• justlovegsv

Food 4 Less: A Place of Community and a Place of Reckoning


I was introduced to Food 4 Less, a discount grocery store unique to California, on my second day in Los Angeles. I had spent my first night at Martin Luther King Jr. Community Hospital’s ER following a stroke of bad luck that had left me with a foot laceration. It had also left me with a sense that Los Angeles was rejecting me upon arrival. Day 2 meant groceries were in order. Unfortunately, my crutches meant that my mobility was limited, and I relied on my housemates to bring me to Food 4 Less.


I should mention that we live in Watts, a community made famous by 1965’s Watts Riots. Resources are scare, incomes are low, and violence rates are high. Latino and African American folks constitute the majority of Watts’ residents. I wasn’t sure what to expect from my first grocery store venture, considering my general unease with invading a marginalized community with my privilege—social mobility, whiteness, education, citizenship status—the list goes on. I expected to be met with cold stares, prickly demeanors, and a sense of distrust. I wouldn’t blame them. What’s this white girl doing at a Food 4 Less in Inglewood?


Given my temporary lack of mobility on day 2 of Los Angeles living, I traversed the store in one of those electronic shopping scooters, which made me stand out even more. The scooter beeped loudly when I reversed, and my crutches stuck out awkwardly from the front basket. I was mortified, and people stared. However, the stares weren’t cold, just inquisitive. I found myself in a traffic jam in which my scooter was wedged between two families trying to cross the aisle. A jovial man saw my embarrassment as I tried to k-turn out of the lane and yelled after me something along the lines of, “Look at you go! Let me know if anyone gives you hard time.” We laughed and I scooted away.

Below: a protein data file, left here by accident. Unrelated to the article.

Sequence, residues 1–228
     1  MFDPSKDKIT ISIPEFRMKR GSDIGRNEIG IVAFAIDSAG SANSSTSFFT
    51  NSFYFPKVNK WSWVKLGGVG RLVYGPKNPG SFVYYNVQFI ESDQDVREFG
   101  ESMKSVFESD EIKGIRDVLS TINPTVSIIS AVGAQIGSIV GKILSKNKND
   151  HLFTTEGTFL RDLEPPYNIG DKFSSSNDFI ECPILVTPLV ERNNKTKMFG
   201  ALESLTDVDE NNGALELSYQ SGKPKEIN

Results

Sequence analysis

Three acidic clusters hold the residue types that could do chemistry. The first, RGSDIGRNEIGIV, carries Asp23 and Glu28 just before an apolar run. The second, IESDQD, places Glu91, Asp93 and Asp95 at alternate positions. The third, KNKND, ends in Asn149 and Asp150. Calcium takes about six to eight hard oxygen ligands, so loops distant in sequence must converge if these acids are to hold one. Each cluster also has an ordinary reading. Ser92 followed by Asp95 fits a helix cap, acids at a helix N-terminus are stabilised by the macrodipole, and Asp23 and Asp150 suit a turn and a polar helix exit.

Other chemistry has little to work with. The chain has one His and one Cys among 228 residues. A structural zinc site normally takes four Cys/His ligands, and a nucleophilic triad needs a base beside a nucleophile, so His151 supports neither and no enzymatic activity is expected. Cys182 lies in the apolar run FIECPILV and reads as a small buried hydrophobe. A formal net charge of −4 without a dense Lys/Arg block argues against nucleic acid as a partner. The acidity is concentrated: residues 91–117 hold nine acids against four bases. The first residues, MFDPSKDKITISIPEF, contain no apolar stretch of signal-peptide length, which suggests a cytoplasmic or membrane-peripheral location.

My trips to Food 4 Less have been marked by these sorts of friendly, good-natured encounters. Today, a man kindly pointed out that the shoelace on my left boot was untied. A few weeks ago, I held up a package of pizza dough and quietly wondered aloud how long it might last. A shopper, passing by at that moment, quickly answered, “about two weeks,” and kept walking without missing a beat. These moments, along with many others, have brought a smile to my face. There’s a real sense of community and openness at Food 4 Less. I grew up in New Jersey, and people minded their own business at Shoprite. Few smiles or pleasantries were exchanged. Shoppers stayed in their own personal bubbles, intently focused on their purchases and the day ahead.


While the encounters mentioned above made me smile, one encounter in particular rocked me to my core and felt like a great reckoning. I struggle with writing these words, as this encounter was both deeply touching and mortifying. Even as I write this, I want to cry from a mix of frustration and gratitude. However, I vowed that I would share this story with others, with the hope of starting to unravel some of the myths we unintentionally hold close when we talk about low income communities.

About a month ago, I visited Food 4 Less with one of my housemates. I was still adjusting to life in Los Angeles and my anxiety was at an all-time high. I was rushing from day to day, mind constantly racing and fear of failure high. As we finished checking out, a security guard came up to our cashier with a set of keys that had been turned in. My heart immediately plummeted to my stomach, as if on command. Something in my gut told me that those were my keys. She turned around, and to my utter chagrin and panic, I recognized the purple coiled wristband of my Toyota Corolla keys.